News and Guides

Forget Sudoku – Learn the Bassoon

January 31st, 2024

Forget Sudoku – Learn the Bassoon

Forget Sudoku – Learn the Bassoon

Forget Sudoku – Learn the Bassoon

An interesting article on the impact of playing a musical instrument on cognitive decline in older adults has just been published in the International Journal of Geriatric Psychiatry:

The relationship between playing musical instruments and cognitive trajectories: Analysis from a UK ageing cohort*

The article is publicly available here.

We would recommend you read the article yourself, but if you do not have time we summarise the most interesting points below.

According to the article, ageing is associated with an accumulation of cognitive deficits leading to Mild Cognitive Impairment (MCI), which in turn can be a precursor to dementia including Alzheimer’s. The article states that:

Keeping the brain active during life has been associated with an increased cognitive reserve, therefore reducing the risk of cognitive impairment in older age.

The idea is that, by building up a reserve of cognitive function through brain-intensive activities, a person can withstand or lessen cognitive deficits in older age and thus stave off or reduce the impact of MCI and later dementia.

The article goes on to say that: “Previous research has identified a potential relationship between musicality and cognition.” This is what the research upon which this article is based was investigating.

The cohort used for the study comprised 1,107 adults over 40 in the UK. 89% of participants had had played a musical instrument at some point in their lives, with 44% currently still playing. Woodwind instruments were the second most popular category of instrument after keyboard instruments.

The study found that those with experience of playing at least one musical instrument showed significantly better working memory and executive function than the average population, with other aspects of brain function also improving.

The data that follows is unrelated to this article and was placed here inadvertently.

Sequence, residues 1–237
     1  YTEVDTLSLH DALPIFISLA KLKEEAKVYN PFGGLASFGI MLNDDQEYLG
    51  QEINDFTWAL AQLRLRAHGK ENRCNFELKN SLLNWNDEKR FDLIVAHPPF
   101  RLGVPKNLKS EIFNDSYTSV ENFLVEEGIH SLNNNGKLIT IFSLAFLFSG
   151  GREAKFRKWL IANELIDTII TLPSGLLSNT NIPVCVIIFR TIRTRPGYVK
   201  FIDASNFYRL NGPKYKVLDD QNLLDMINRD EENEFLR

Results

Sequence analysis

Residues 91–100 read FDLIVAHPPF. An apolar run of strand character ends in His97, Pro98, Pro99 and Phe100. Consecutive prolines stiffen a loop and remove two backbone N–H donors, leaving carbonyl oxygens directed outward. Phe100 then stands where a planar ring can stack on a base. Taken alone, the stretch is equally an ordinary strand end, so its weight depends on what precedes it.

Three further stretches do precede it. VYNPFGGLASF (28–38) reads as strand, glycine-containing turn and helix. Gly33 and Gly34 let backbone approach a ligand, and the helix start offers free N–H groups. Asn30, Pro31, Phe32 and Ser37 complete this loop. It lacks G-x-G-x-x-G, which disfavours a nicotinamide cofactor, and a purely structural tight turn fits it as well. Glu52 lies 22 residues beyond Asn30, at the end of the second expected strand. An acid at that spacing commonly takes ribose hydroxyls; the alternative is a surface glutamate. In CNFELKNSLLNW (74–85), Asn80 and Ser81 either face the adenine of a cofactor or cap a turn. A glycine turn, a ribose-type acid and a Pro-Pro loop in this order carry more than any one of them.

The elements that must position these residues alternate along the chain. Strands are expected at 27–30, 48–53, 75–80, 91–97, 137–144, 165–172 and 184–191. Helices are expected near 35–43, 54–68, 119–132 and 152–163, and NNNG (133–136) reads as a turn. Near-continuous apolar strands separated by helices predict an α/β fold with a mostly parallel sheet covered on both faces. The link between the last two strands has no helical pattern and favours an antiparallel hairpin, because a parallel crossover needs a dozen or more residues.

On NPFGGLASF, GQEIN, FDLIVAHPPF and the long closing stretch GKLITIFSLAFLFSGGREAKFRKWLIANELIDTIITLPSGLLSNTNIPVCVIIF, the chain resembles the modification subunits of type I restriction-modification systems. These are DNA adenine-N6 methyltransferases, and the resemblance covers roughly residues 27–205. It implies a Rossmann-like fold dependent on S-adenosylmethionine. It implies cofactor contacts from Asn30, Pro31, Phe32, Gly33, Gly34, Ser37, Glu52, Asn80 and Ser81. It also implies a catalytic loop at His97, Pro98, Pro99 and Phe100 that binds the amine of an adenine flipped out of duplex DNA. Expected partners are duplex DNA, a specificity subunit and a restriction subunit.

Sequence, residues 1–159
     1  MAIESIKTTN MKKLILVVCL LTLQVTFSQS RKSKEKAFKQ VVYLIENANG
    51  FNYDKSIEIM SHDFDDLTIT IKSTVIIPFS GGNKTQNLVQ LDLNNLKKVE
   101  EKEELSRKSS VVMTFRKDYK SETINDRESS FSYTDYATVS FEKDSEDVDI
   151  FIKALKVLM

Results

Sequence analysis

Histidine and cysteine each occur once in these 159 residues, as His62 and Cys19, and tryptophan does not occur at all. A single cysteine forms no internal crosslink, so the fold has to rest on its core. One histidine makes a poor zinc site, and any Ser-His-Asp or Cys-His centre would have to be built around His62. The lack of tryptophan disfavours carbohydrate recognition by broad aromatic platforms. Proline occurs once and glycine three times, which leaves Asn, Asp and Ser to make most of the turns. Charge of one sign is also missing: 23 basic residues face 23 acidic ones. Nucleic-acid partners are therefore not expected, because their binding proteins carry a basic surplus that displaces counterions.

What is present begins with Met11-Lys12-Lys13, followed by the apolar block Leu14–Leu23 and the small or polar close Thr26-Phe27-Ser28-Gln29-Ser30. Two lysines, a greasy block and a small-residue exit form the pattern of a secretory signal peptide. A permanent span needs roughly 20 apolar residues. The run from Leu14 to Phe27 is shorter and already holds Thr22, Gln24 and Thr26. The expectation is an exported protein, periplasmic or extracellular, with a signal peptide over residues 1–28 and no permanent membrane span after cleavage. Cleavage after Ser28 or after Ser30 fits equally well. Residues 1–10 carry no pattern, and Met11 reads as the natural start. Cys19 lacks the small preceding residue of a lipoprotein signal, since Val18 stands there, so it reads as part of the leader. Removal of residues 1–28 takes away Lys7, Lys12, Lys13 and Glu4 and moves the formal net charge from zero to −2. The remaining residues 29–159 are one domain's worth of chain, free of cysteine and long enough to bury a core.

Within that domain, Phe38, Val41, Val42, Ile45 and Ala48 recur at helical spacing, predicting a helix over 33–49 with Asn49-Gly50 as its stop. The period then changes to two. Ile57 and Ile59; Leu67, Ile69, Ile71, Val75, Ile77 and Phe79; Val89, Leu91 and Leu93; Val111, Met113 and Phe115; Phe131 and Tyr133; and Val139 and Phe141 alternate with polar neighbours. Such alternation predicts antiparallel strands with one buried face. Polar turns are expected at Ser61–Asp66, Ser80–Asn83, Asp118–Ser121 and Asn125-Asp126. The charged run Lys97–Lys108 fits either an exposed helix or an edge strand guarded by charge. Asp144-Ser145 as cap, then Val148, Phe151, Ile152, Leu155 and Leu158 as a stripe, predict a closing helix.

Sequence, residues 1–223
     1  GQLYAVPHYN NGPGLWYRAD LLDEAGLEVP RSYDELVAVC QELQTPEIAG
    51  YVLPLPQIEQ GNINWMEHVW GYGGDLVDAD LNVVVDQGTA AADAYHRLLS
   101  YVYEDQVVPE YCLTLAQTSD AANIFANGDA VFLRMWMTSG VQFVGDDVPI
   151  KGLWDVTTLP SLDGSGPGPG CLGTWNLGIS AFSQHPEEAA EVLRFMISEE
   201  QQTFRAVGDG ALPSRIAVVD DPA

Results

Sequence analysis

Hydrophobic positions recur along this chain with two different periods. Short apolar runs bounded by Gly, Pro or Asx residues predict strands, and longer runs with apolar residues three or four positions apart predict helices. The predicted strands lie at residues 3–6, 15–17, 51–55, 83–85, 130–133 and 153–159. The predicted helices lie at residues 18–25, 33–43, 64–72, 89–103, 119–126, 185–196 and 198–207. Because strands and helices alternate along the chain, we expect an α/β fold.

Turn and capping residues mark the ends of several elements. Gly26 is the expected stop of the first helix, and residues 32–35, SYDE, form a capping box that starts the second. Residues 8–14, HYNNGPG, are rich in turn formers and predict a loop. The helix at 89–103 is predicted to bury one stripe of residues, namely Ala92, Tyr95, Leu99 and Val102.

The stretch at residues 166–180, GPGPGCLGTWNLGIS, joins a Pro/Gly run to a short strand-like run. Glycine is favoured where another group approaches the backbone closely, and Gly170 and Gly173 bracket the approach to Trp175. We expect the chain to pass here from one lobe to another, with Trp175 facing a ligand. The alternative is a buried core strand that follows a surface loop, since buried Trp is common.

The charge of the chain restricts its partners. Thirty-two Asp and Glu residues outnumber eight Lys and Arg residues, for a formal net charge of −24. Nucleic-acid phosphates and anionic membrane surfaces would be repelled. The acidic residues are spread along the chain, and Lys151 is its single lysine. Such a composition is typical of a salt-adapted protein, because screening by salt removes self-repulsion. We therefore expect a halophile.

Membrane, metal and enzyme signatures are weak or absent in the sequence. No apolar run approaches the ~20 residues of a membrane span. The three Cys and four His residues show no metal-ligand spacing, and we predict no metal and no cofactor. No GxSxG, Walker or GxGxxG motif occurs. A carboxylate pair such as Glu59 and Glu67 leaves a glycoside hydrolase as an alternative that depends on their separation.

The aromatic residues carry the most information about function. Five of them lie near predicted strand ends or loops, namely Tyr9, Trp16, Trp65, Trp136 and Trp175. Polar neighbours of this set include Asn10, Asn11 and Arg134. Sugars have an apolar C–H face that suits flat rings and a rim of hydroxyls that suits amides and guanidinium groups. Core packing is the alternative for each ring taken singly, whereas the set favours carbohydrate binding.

The study also found that those playing a woodwind instrument had a significantly better executive function performance than those playing other instruments, but not so much of an impact for working memory.  There was no additional benefit from playing multiple instruments though.

In addition, it was found that performance across a number of aspects were better for those currently playing instruments compared with those who had played them in the past. Having played an instrument at some point in your life seems to bring continuing benefits, but these can be enhanced by continuing to play.

The report asserts that:

The(se) findings confirm those reported in previous studies, adding strength to the evidence base relating to musical engagement and cognitive health, and highlighting the potential value of education and engagement in musical activities throughout life as a means of harnessing cognitive reserve as part of a protective lifestyle for brain health. 

No benefit was found for those just listening to music unfortunately – the hard work and challenge of actually playing seems to be what creates the benefit. 

For all bassoonists out there, the message is: continuing to play is very likely to help with memory and brain function in later life. The longer and later in life you play the better.

And for those who haven’t started yet or gave up at some point in the past, the message is: take up the bassoon or indeed another instrument. It is never too late to gain the benefits of playing.

For teachers, funding bodies and other interested parties the message has to be: encourage as many people as possible to play an instrument at any age; it will bring immense benefits to them and, by extension, society generally.

The act of reading music seemed to be of benefit in and of itself, so ideally educators should focus on instruments and musical genres where the requirement to read music is paramount.

Of course, there are plenty of other good reasons to take up, or to continue to play, the bassoon or any other instrument, which we have covered in previous articles.

If you would like to take up the bassoon and need some advice on how to start please get in touch. We have customers of all ages from under-10s to over-80s so, whatever your age, don’t be put off from starting.

*The International Journal of Geriatric Psychiatry: The relationship between playing musical instruments and cognitive trajectories: Analysis from a UK ageing cohort. January 2024. Authors: Gaia Vetere, Gareth Williams, Clive Ballard, Byron Creese, Adam Hampshire, Abbie Palmer, Ellie Pickering, Megan Richards, Helen Brooker, Anne Corbett